A booth at our old restaurant, chipped paint cracking on the wall, light bulbs too new to dawn a flicker, and you on the other side of the table, staring at me from behind the drink you hold to your lips. You glance at my beard; at the man I have become. And I stare into you, that black hair falling on a familiar, unfamiliar face time has smoothed so nicely into beautiful.
In the time you’ve been away, I’ve done many things. I learned to write, how funny, that you should be the one to stick like silk to the webbing of my words. I wrote about you many times, I did, left little hints that only you could pick out. In the afterglow of all the setting suns, with the days slipping more firmly into the scarlets and purples of the night, I stood on balconies and wondered if the sun was setting nicely for you and your life. I stared into mirrors and wondered if you loved your reflection more than I loved mine. So I used my writing to say the things I couldn’t say to you anymore. I used old photos and letters for inspiration. Some days the writing came easily; other days my words felt broken, like I was building them on fractured foundations. I tossed aside hundreds of journal entires. I got tired of textually tricking myself into thinking that you would come back. And some days, I almost forgot what you looked like. Those days were the worst.
Since you have been gone I have seen the world. I’ve held a bottle of wine in one hand and Paris in the other, so punch drunk, so moon drunk, speaking English to the French; and the coast of Barcelona, the sand, the tapas, the sangria and the days wandering through charming alleys and streets packed with signs and billboards I couldn’t read. I thought I was dancing with you at a music venue in Shoreditch, careful not to spill my drink because it cost more English pounds than I was willing to lose to the floor. This girl had your eyes. Her body like yours. So slender. My arms could have gone around her more than once. But it wasn’t you, was it? No. I thought I saw you in a London train station – they call it the Tube, I’m sure you know – wedged between the crowd. She had her back to me but I thought it was your back. I wanted it so badly to be you. I squeezed my way between the people, rushing to this girl who should have been you. And the whole time, the entire time all I wanted to do was catch up to you so I could say here’s the world, and you and I are still in it.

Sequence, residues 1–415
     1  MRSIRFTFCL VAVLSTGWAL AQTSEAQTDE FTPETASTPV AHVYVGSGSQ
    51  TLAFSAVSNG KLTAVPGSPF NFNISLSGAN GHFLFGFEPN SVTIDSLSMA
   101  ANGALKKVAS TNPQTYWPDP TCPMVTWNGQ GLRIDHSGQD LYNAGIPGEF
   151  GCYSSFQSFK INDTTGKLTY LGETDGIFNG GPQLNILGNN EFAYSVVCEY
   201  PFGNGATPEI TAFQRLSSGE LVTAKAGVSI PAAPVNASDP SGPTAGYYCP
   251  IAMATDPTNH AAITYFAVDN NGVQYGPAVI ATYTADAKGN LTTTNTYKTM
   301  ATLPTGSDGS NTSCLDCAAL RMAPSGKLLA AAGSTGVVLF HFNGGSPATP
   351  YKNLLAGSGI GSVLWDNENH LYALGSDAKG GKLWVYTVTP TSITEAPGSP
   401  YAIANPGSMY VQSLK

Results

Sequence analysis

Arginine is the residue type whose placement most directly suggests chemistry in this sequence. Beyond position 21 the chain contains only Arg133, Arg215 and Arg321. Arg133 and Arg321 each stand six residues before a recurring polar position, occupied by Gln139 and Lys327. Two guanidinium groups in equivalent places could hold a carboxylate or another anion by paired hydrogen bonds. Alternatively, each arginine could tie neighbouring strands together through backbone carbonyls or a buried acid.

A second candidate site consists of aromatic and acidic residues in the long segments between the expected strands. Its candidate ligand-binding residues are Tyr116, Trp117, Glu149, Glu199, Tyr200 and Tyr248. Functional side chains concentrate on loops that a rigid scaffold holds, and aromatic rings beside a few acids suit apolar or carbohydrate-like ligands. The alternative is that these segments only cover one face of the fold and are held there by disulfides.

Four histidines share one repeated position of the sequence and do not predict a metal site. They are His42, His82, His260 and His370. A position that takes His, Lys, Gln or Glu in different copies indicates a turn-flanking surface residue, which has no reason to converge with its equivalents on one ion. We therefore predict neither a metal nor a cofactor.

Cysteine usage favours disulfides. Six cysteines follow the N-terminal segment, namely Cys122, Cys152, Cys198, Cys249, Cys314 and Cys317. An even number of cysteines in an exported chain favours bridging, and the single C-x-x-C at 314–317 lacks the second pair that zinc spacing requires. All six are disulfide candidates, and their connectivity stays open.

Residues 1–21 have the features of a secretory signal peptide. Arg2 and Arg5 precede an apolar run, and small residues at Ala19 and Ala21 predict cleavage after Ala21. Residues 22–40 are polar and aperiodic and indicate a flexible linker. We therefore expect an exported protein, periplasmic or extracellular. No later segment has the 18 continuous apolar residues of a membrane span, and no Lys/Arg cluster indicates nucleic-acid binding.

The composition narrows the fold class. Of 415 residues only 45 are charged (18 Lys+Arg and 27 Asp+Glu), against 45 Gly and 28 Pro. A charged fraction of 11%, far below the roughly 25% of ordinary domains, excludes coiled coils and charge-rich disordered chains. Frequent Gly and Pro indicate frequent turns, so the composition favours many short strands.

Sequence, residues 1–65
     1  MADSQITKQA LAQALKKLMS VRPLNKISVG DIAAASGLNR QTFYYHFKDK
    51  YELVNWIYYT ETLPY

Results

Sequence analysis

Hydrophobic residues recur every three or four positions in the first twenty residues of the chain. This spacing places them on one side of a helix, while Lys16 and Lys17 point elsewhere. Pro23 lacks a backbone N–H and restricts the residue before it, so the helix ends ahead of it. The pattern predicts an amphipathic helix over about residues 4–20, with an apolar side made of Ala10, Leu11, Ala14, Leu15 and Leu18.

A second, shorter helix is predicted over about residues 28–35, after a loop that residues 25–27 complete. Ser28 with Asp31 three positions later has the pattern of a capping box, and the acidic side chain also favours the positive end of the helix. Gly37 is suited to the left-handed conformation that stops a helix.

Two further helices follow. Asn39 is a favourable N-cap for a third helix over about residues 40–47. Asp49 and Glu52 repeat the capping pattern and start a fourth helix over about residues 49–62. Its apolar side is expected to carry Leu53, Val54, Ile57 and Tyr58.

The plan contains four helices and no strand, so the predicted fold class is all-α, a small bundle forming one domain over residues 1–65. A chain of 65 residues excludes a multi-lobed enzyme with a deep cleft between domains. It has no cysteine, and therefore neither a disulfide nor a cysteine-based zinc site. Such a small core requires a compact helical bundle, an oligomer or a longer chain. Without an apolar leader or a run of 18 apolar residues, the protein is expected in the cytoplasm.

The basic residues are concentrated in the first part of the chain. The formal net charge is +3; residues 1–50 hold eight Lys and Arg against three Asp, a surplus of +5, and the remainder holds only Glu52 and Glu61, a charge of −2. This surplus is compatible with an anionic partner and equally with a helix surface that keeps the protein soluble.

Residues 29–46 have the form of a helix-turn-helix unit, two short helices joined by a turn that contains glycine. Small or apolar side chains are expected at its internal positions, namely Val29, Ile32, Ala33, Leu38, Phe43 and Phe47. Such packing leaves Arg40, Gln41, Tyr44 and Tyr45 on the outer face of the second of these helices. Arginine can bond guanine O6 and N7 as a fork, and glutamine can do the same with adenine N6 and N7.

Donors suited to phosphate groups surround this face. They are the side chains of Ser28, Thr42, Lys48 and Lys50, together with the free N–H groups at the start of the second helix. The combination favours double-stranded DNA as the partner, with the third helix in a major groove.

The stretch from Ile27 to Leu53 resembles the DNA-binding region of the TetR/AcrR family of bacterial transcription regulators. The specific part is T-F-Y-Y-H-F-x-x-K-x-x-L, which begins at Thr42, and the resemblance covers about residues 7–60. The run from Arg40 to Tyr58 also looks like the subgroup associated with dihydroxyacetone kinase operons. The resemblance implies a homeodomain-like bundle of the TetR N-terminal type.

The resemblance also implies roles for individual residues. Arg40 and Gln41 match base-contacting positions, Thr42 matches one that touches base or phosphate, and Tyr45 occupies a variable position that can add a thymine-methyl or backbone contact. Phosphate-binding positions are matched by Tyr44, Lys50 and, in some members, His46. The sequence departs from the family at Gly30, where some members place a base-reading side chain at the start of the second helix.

I’ve cursed you many times for leaving too fine of an impression on me. It’s not fair that your indentation is pressed so firmly into my mind so that it blurs women into faces that will never be yours. It’s normal, I suppose, to see you in songs and newspaper clippings about fashion, in menus at Italian restaurants, at red lights while my car is idling on memories, at the grocery store when I’m buying asparagus. That’s normal, right?
I pretend that great novelists have penned you into their masterpieces. Like this line from Anna Karenina:
The place where she stood seemed to him a holy shrine, unapproachable, and there was one moment when he was almost retreating, so overwhelmed was he with terror. He had to make an effort to master himself, and to remind himself that people of all sorts were moving about her. He walked down, for a long while avoiding looking at her as at the sun, but seeing her, as one does the sun, without looking.
Being here with you, at this restaurant, I’m reminded of things I have forgotten: those nights, years ago, with your shirt straps down to your elbows, because I put them there; the field on the outskirts of town – so dusty – where we hid our relationship that was so clean, like fine china too good for an ordinary love feast; the oil derrick in the corner of the football field that we said we’d climb but never did; a drawing you gave me once, with a nice house in the background, the fence I would build someday when we were older.
We’ve been at this booth for an hour. This restaurant feels like the credits at the end of a good movie: so many people around us, names I care nothing for, the only thing I can think about is the impact your brief motion picture just had on my life. How nice it would be to spend my jar of coins on a little more time with you. Nickels for another laugh. Dimes for that look you pair with a smile. Another funny idea: come with me. Anywhere.
It’s getting late, though. Go, if you must. But how dare you, to linger in the doorway, one hand preventing the door from closing on me and you. How dare your mascara eyes, and the hair spilling over them. How dare your lips. How dare your necklace falling into your shirt. How dare the yo-yo years for rolling us in and throwing us out.
So make up your mind, girl.
I promise I’ll react accordingly, and do what I can with this rubble love that keeps slipping through my fingers…